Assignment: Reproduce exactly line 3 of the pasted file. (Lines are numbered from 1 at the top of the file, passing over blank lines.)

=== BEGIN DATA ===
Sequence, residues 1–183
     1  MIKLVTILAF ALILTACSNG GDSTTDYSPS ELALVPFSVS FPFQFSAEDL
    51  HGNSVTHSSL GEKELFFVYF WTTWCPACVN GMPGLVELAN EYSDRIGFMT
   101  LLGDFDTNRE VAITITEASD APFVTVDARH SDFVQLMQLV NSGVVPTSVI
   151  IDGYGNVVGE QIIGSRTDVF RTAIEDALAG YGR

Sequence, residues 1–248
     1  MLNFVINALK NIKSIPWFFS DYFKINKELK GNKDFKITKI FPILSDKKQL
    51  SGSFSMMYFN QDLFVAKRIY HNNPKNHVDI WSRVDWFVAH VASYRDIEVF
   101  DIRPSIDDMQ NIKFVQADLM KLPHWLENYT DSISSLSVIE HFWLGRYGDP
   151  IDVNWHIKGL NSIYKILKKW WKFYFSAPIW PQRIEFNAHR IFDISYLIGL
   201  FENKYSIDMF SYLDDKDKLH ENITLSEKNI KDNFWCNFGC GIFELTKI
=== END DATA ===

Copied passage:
    51  HGNSVTHSSL GEKELFFVYF WTTWCPACVN GMPGLVELAN EYSDRIGFMT